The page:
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Skimming the surface

Published by
World Coal,


Mine operators for some time now have been increasingly turning to an alternative to conventional rip-and-stack or drill and blast coal mining: the use of surface miners. Diverse studies and tests show that surface miners offer considerable advantages in terms of both economic efficiency and the final product.

Skimming the surface

Wirtgen supplies surface miners in a variety of performance classes for the selective mining of commodities, such as coal, limestone, bauxite, gypsum, salt and phosphate. In addition to mining, these machines can also carry out routing operations for constructing roads and railway tracks, rehabilitating roadways and installing tunnel floors. The range of applications further includes the precision cutting of ditches and channels, as well as surface leveling.

In collaboration with RWTH Aachen University, Wirtgen conducted a study in a black coal mine in Queensland, Australia.

Case study

The 4200 SM surface miner was integrated into an ongoing operation for the selective mining of coal and interburden. Previously defined targets were checked regularly to determine if they were being met. The project score card illustrates the advantages of using a surface miner in this mine. The production rates of the surface miner were compared with that of the previously used rip-and-stack method over a period of four months based on various performance indicators. The conventional mining system comprises two supersize dozers for ripping and stacking the material and a super large wheel loader for loading it to dump trucks with payloads of 130 - 190 t.

Better HSE

Compared to the three mining machines used at the mine previously, using a surface miner significantly reduced noise emissions.

Mining with the 4200 SM likewise has a positive impact on dust emissions. In contrast to the dozers and wheel loader – all of which generate considerable quantities of dust that impact the work environment – the dust produced by a surface miner is contained in the cutting drum housing. A dust suppression system comprising an integrated water spray system also helps to additionally reduce and bind the dust.

An analysis of the two mining methods further demonstrated that fuel consumption is about 79% lower – and therefore also CO2 emissions – with surface miners than when using the conventional method. The lower number machines in use additionally has a positive effect on risk management, because fewer machines mean a reduced risk of accident at the mine.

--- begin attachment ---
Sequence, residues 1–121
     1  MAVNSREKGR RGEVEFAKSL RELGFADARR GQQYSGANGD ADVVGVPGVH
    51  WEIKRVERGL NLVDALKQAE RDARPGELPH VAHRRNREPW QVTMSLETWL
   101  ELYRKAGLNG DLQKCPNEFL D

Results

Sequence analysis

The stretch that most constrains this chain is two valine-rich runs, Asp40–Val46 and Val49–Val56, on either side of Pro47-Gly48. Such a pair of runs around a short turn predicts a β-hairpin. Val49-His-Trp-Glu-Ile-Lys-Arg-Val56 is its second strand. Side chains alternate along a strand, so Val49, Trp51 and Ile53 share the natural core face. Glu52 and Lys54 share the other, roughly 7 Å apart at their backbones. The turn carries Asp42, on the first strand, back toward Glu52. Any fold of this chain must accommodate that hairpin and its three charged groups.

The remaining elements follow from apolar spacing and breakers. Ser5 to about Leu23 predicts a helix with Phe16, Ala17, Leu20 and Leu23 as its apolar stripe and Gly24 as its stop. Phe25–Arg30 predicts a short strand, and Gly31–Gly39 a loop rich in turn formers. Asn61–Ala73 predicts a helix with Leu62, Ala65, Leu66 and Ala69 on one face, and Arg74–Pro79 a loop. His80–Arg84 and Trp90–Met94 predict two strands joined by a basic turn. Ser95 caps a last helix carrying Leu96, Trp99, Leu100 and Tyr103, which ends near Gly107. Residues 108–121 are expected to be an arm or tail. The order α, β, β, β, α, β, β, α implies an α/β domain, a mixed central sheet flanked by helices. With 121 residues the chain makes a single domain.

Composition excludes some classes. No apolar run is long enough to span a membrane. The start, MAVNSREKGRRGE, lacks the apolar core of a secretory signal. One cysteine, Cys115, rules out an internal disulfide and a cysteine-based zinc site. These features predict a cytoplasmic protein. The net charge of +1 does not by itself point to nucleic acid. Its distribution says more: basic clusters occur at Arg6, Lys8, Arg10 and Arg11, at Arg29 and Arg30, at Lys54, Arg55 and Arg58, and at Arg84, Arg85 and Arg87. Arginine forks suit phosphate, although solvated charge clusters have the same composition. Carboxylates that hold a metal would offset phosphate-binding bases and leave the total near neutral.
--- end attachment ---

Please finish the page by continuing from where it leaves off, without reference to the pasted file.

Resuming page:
The surface miner’s anti-vibration cabin offers better ergonomics and optimised working conditions for the machine operator. The vibrations generated in the 4200 SM were rated as ‘low’ according to Australia’s AS 2670-2001 standard, while the ratings for the conventional systems were higher.

Lower processing costs thanks to reduced fines

For the study, a total of 100 samples (30 t each) were analysed during operation of the surface miner to determine the particle size distribution. Those samples were compared with similar ones taken from the conventional mining equipment and identical mining fields. Significant advantages emerged when working with the surface miner, which produced 14% fewer fines at grain sizes of less than 2 mm compared to the conventional mining system. The portion of fines to be processed dropped by 22% at grain sizes of less than 1 mm and even by 36% at grain sizes of less than 0.5 mm. Further savings were achieved by significantly reducing the quantity of oversize.

In addition, working with a surface miner reduced coal mining losses and dilution of coal in the mine. This leads to more product, hence increased turnover and even an improved exploitation of the deposit and thus a better stripping ratio.

Three tasks in a single operation

Wirtgen surface miners can cut, crush and directly load material onto trucks or dumpers in a single operation. This saves time and the additional cost of purchasing machinery and fuel.

The score card clearly demonstrated that, when the entire process chain is taken into consideration, mine operators benefit from tremendous cost reductions when using a surface miner. These reductions are not only a result of easier processing. The smaller number of mining machines and reduced manpower described above and the avoidance of additional costs for transporting and processing waste rock also contribute significantly to the good overall score achieved by the surface miner.

Using Wirtgen surface miners delivers compelling improvements in final product quality, cost-efficiency, environmental protection and safety. In order to fully exploit the surface miners’ profit potential, an analysis should be conducted when starting the planning of a mining project.

 

Full article first published in the July issue of World Coal magazine.

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Read the article online at: https://www.worldcoal.com/special-reports/16082018/skimming-the-surface/

 

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